Ford 8.8 Swap for TJ Dana 35
I was reading the "How Big a Tire For Stock TJ Axles" question in the Mar. '10 issue. I have a 1997 TJ with the 2.5L engine, five-speed manual, Dana 35 rear, and 136,765 miles on it. I've been told that a Ford 8.8-inch will fit in my Jeep. I would like to know what has to be done to do this. I can get an 8.8 with 4.11:1 gears in it for $75, and it has the posi-lock. The early Explorers had leaf springs, and the newer models have coils, I think. Would the newer axle fit better than the older version?
I know that my TJ (with 2-inch lift and 31-inch tires) is a good daily driver. I get about 21 mpg just in daily driving as long as you stay under 60 mph. I do use Fourth gear more than I should, but I live in western Pennsylvania and we have some hills.
It's good that you're considering swapping out the rear axle for the 8.8, as it is a very good choice, especially for the price. Grab it while you can. The Dana 35, even with the low-horsepower four-cylinder, is a real liability on the trail, as it will break!
Yes, you have to cut off the leaf spring mounts and add new mounts to convert it over to the coils that your TJ has. Mountain Off Road Enterprises (877/533-7229, www.mountainoffroad.com) has all the parts you need to make the conversion. Part number 98700 includes all the necessary brackets; part number 221379 is the special yoke adapter; and part number EB4 is the proper emergency-brake cable.
You will find that the rearend is about 11/2 inches narrower than your present setup. You can leave it like that, or install some longer lug studs and some Baer spacers, both of which are available through Summit Racing (www.summitracing.com). The spacers are pretty cool as they center on the raised ring on the center of the axleshaft.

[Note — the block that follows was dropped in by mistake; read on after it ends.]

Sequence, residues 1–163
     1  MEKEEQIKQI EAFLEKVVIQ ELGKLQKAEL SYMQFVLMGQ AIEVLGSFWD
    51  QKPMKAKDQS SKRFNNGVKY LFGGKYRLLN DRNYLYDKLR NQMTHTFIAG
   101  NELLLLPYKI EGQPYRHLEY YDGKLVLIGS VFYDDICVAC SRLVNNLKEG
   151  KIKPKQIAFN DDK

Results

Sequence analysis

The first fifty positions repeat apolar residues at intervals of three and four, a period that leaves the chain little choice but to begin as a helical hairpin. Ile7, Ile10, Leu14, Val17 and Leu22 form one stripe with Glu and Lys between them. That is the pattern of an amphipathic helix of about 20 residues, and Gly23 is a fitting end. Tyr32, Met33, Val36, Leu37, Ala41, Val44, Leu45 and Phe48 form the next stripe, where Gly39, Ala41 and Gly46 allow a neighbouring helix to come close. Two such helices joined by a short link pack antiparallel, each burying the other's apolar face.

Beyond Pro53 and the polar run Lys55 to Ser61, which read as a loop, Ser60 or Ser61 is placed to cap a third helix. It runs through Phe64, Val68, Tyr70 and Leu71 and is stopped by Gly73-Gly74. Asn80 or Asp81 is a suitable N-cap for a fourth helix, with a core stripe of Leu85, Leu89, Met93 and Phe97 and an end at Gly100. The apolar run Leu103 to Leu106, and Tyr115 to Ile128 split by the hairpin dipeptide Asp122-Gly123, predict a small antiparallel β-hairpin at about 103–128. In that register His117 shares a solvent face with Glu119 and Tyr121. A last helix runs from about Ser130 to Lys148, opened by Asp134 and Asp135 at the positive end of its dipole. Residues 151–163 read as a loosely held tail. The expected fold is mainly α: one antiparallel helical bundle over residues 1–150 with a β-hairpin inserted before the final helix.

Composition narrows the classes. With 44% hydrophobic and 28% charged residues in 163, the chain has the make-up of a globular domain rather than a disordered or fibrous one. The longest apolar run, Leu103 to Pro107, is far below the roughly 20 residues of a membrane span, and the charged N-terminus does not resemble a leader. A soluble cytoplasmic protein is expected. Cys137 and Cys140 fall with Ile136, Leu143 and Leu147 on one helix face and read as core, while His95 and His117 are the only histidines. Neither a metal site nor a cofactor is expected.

Oh, and if you're still not sure you want to make the conversion, try Googling something like "8.8 Jeep conversion," and you will find more information than you will ever need on the subject.
Chevy TPMS Won't Recalibrate for Replacement Tires
I have a question about the tire pressure monitoring system in my 2007 Chevrolet 2500HD. I had my local Chevrolet dealer install new wheels and BFG All-Terrain T/A tires (305/70R17s) on my truck. As part of the package, they installed new tire pressure sensors in my new wheels (to the tune of $50 per wheel). The problem is that my TPMS light is always on because I run my new tires at 60 to 65 psi, and the sensors need 70+ psi to turn the dash light off (apparently set for a recommended minimum pressure for the OE tires). I assumed that the new tire pressure sensors would or could be recalibrated for my new tires, but the service rep and parts person are saying there is no way to adjust the pressure at which the light comes on. After some discussion, they agreed to refund my $200 for the sensors. My question is whether you know of a way to recalibrate the sensors, or are there any manufacturers of aftermarket sensors that would work for pressures in the 60- to 65psi range? Any help is appreciated.
The way I understand it from reading the factory service manual, you should be able to get the tire pressure sensors to "re-learn" various pressure settings. The procedure is quite involved, and way too long to print here, but hopefully you should be able to get your dealer to print it out for you if they are nice guys. However, it also takes a special Tire Pressure Monitor Diagnostic Tool (p/n J-46079) in order to do the necessary calibration. I have no idea what the tool costs, but it just might be cheaper to have the dealer do the work instead of buying the tool and only using it once. Then again, there is always the "black electrical tape over the light" method.